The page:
A new category for high-powered supercars that revives the GT2 name has been announced by the Stephane Ratel Organisation.
The idea is for the new breed of car to become the basis of the amateur classes as a complement to GT3 in SRO’s sprint series from 2020.
That means they would race alongside GT3s in the Blancpain GT Series Sprint Cup, the Blancpain GT Series Asia, the Pirelli World Challenge and the British GT Championship.
SRO boss Stephane Ratel explained that the new class was a reaction to the continuing development of the GT3 category.
“The evolution of GT3 with more and more downforce has made them more out-and-out racecars that are difficult to drive for the amateur,” he said.
“The ‘ams’ are disappearing – we have zero amateurs in the BGTS Sprint Cup, for example.
“We are welcoming more powerful cars, supercars, that don’t need major modifications for racing, but can still be developed into extremely exciting racecars.”
Ratel explained that the principles of his GT4 category were being applied to more powerful cars.
This means no modifications will be allowed to the engines or transmissions, as well as limited aerodynamic development.
The category will be for cars with up to 700bhp, whereas the GT3 machinery power outputs are in the region of 560bhp.
He revealed that he hoped that the introduction of the new class would allow British GT to be split into separate series for GT3/GT2 cars and GT4 machinery.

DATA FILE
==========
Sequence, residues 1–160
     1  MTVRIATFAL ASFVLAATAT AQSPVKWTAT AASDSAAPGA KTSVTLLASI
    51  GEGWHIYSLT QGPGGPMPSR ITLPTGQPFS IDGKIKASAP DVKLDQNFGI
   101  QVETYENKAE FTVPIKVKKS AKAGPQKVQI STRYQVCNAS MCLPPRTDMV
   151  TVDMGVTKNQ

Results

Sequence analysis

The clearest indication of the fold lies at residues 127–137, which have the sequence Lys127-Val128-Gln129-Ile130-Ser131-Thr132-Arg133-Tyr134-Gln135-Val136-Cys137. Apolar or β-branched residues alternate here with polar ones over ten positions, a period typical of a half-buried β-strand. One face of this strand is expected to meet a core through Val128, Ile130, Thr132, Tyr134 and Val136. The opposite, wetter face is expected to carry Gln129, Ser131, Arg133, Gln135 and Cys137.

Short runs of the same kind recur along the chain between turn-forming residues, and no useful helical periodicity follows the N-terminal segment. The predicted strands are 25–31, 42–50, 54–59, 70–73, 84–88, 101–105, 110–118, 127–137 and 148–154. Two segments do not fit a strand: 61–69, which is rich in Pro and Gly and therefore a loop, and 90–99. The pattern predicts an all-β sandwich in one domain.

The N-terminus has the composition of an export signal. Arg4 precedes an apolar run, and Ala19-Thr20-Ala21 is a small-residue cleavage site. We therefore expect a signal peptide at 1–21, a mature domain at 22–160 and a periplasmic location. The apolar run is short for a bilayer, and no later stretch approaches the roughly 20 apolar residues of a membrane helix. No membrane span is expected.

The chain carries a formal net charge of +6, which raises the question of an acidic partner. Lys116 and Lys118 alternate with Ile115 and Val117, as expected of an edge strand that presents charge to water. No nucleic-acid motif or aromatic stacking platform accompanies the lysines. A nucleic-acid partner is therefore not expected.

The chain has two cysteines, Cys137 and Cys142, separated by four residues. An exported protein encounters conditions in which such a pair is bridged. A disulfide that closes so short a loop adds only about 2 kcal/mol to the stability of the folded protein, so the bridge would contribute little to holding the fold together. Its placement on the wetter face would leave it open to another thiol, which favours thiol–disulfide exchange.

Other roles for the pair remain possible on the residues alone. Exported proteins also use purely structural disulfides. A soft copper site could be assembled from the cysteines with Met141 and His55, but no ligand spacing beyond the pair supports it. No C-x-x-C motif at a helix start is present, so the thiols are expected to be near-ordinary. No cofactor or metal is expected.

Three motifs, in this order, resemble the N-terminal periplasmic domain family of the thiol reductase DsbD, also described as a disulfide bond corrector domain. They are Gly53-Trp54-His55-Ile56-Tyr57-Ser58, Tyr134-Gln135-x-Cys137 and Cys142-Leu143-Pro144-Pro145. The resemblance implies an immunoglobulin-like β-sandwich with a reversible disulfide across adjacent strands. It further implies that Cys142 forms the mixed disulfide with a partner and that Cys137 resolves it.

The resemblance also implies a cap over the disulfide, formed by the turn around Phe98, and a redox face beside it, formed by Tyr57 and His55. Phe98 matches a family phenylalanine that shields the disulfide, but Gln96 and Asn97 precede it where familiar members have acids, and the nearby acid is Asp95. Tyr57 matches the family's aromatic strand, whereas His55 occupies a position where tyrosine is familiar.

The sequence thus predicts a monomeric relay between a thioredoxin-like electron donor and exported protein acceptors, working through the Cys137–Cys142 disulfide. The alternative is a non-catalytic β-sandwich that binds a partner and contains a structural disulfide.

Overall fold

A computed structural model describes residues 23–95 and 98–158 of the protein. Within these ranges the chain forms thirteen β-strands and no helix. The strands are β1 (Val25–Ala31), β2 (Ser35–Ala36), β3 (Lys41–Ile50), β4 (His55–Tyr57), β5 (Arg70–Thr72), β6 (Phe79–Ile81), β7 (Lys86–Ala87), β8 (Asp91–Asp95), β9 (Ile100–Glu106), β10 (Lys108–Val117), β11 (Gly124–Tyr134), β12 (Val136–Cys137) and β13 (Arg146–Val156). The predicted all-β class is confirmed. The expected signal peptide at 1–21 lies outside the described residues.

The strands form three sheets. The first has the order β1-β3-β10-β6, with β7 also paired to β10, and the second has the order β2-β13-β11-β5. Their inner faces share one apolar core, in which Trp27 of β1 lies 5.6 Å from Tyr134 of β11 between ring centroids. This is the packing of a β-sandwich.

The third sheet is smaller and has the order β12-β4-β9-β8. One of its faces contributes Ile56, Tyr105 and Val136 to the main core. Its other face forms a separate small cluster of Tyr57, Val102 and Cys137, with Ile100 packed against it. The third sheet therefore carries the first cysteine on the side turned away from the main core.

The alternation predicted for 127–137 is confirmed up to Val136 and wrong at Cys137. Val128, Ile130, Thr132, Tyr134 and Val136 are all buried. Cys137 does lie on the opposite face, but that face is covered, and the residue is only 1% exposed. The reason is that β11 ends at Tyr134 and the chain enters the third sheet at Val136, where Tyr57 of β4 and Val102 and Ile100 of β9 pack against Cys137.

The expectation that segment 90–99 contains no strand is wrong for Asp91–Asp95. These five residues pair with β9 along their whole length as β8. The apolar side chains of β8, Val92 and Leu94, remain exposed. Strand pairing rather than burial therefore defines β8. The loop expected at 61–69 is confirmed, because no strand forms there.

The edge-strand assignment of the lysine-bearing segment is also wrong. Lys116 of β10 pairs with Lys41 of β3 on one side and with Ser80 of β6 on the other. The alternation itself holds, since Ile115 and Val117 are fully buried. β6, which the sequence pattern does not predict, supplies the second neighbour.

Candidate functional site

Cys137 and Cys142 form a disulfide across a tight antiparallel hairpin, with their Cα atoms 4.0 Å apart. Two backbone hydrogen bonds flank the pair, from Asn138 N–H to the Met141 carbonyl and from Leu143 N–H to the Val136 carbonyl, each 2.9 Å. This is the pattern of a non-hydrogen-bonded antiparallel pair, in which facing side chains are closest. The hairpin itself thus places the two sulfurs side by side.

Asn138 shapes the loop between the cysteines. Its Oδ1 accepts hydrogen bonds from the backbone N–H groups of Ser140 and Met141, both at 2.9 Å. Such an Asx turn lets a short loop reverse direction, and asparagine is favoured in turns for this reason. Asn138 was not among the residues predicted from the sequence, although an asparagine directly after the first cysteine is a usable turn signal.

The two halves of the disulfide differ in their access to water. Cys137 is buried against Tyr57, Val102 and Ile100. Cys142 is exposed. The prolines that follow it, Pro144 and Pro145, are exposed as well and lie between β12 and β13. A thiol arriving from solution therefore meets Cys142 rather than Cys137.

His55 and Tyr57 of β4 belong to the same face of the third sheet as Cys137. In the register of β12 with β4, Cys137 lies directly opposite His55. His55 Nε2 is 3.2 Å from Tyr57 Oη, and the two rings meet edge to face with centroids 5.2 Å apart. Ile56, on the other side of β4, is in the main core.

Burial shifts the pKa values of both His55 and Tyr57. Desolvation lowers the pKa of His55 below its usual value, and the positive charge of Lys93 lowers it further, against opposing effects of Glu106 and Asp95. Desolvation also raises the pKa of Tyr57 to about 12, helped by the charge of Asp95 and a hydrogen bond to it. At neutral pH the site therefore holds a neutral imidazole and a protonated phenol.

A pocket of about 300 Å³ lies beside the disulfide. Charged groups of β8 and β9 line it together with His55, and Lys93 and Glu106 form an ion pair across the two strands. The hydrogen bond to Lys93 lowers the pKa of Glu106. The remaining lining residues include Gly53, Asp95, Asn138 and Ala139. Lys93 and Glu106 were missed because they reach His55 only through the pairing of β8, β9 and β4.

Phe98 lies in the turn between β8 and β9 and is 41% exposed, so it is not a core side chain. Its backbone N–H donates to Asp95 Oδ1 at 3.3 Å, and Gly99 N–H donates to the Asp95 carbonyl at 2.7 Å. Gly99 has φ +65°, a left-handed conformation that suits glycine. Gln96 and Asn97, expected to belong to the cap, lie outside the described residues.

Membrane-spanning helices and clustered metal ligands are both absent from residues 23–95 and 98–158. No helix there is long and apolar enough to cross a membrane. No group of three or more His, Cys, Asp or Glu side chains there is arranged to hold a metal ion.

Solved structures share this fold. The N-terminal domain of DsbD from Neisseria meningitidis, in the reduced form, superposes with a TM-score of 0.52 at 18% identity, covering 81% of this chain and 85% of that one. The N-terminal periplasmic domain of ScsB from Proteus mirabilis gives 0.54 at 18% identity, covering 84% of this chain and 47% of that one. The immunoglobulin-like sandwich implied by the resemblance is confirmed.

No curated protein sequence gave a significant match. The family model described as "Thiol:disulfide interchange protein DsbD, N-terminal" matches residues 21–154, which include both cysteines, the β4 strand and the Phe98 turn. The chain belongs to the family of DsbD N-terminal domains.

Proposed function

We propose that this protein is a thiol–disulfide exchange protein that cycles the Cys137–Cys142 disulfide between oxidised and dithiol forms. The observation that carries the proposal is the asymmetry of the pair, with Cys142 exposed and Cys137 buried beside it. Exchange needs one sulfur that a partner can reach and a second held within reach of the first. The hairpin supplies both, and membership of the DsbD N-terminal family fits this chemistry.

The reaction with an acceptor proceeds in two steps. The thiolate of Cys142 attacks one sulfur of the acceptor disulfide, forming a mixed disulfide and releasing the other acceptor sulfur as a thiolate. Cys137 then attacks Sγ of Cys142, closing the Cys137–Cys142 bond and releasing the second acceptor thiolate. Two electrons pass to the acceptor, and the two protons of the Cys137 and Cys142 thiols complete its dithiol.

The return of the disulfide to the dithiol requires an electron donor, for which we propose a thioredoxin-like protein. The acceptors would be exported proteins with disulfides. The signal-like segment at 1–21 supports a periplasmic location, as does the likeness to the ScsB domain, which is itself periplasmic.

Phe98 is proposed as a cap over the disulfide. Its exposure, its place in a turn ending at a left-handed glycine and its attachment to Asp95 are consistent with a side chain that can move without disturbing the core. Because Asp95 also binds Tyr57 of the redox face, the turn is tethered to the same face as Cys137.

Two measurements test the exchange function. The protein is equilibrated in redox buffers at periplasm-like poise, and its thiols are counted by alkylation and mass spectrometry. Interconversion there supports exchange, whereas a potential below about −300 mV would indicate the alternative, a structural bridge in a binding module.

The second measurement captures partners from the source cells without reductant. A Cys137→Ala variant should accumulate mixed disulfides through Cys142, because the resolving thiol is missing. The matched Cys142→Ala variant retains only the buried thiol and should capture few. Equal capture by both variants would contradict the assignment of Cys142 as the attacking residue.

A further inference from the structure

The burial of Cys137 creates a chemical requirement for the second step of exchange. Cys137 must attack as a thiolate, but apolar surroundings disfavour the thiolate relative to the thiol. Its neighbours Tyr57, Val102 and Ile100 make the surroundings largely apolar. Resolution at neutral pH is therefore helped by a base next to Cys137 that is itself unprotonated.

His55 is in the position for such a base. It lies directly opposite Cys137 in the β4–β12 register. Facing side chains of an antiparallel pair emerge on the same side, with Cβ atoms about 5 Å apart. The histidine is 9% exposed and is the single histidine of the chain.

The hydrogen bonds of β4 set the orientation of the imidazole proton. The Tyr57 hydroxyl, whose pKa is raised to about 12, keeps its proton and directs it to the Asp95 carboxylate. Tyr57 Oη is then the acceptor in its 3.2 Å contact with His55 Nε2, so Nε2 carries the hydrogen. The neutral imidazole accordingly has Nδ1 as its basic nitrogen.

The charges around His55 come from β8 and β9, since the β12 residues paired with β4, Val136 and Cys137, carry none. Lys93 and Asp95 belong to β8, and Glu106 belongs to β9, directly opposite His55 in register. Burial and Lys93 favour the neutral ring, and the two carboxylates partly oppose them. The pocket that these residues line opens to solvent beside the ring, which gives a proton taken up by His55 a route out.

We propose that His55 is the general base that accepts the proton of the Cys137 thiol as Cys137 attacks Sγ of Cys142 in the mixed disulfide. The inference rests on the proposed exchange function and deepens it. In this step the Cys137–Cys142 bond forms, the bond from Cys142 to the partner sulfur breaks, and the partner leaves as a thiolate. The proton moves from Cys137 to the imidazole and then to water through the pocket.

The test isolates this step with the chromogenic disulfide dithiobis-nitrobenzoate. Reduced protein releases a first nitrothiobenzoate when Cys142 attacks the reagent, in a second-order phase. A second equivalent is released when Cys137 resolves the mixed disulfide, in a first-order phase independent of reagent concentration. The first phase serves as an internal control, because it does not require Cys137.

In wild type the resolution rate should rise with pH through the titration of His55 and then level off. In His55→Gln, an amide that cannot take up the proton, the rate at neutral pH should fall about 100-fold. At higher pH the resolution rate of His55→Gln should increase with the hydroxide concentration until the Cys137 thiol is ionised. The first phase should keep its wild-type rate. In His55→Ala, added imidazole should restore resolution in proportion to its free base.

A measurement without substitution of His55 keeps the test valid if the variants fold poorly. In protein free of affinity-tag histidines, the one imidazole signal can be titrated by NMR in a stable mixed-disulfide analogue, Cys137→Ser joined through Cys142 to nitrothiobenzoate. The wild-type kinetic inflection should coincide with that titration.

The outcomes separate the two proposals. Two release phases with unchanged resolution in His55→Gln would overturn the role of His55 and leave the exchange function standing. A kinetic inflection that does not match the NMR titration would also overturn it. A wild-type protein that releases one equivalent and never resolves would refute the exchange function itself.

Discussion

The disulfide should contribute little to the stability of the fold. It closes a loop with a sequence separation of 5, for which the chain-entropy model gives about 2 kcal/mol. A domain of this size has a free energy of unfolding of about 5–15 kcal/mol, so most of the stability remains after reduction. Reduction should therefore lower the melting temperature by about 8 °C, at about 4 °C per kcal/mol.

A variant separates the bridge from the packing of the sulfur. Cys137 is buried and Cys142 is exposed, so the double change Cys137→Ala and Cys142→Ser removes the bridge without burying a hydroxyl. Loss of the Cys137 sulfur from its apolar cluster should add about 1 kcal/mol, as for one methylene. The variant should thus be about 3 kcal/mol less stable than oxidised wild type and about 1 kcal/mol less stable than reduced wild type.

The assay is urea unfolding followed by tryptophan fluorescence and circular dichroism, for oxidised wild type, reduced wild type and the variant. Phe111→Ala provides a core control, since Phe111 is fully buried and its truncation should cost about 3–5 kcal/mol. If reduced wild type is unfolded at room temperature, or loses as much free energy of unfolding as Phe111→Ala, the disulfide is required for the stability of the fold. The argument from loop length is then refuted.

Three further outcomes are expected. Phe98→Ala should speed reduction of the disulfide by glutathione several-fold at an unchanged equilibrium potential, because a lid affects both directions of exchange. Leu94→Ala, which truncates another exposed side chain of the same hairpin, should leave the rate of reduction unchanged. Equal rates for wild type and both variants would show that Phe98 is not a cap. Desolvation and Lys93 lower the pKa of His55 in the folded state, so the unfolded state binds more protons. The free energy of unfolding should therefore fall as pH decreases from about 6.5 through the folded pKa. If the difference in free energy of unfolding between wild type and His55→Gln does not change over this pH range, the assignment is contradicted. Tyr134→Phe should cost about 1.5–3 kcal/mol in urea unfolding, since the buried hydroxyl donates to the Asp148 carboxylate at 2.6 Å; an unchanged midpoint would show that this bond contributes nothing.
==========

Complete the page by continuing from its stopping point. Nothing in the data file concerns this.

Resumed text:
“If we had a separate British GT4 Cup, I’m sure we could go from 26 to 40 cars, but that would mean we would only have 12, 13 or 14 GT3 cars,” Ratel explained.
“But if you reinforce GT3 with GT2 for the amateurs you will grow the grid.”
Ratel refused to be drawn on which cars might become of the basis of GT2 cars, but he said that he had “positive feedback” from a number of manufacturers and is hopeful of the first cars arriving sometime next season.
He said he might organise a one-off event for them or allow the first GT2s to race in his amateur-only Blancpain GT Sports Club series.
Ratel explained that the higher weight of GT2s would make them unsuitable for long-distance racing, which explains why there are no plans to incorporate them into the BGTS Endurance Cup.
He stressed that while the new class had not been conceived to replace GT3, it could offer a fall-back position should the category he conceived for the 2006 develop in a direction contrary to the needs of SRO.
Ratel pointed to the FIA’s failed attempt to merge the GT3 and GTE categories, which he insisted would have resulted in an increase in purchase and running costs.
“In no circumstances do I want to replace the very healthy and successful class that is GT3, but it could be a safeguard for us,” he said.
SRO has trademarked ‘GT2’, which was the former name of the GTE division.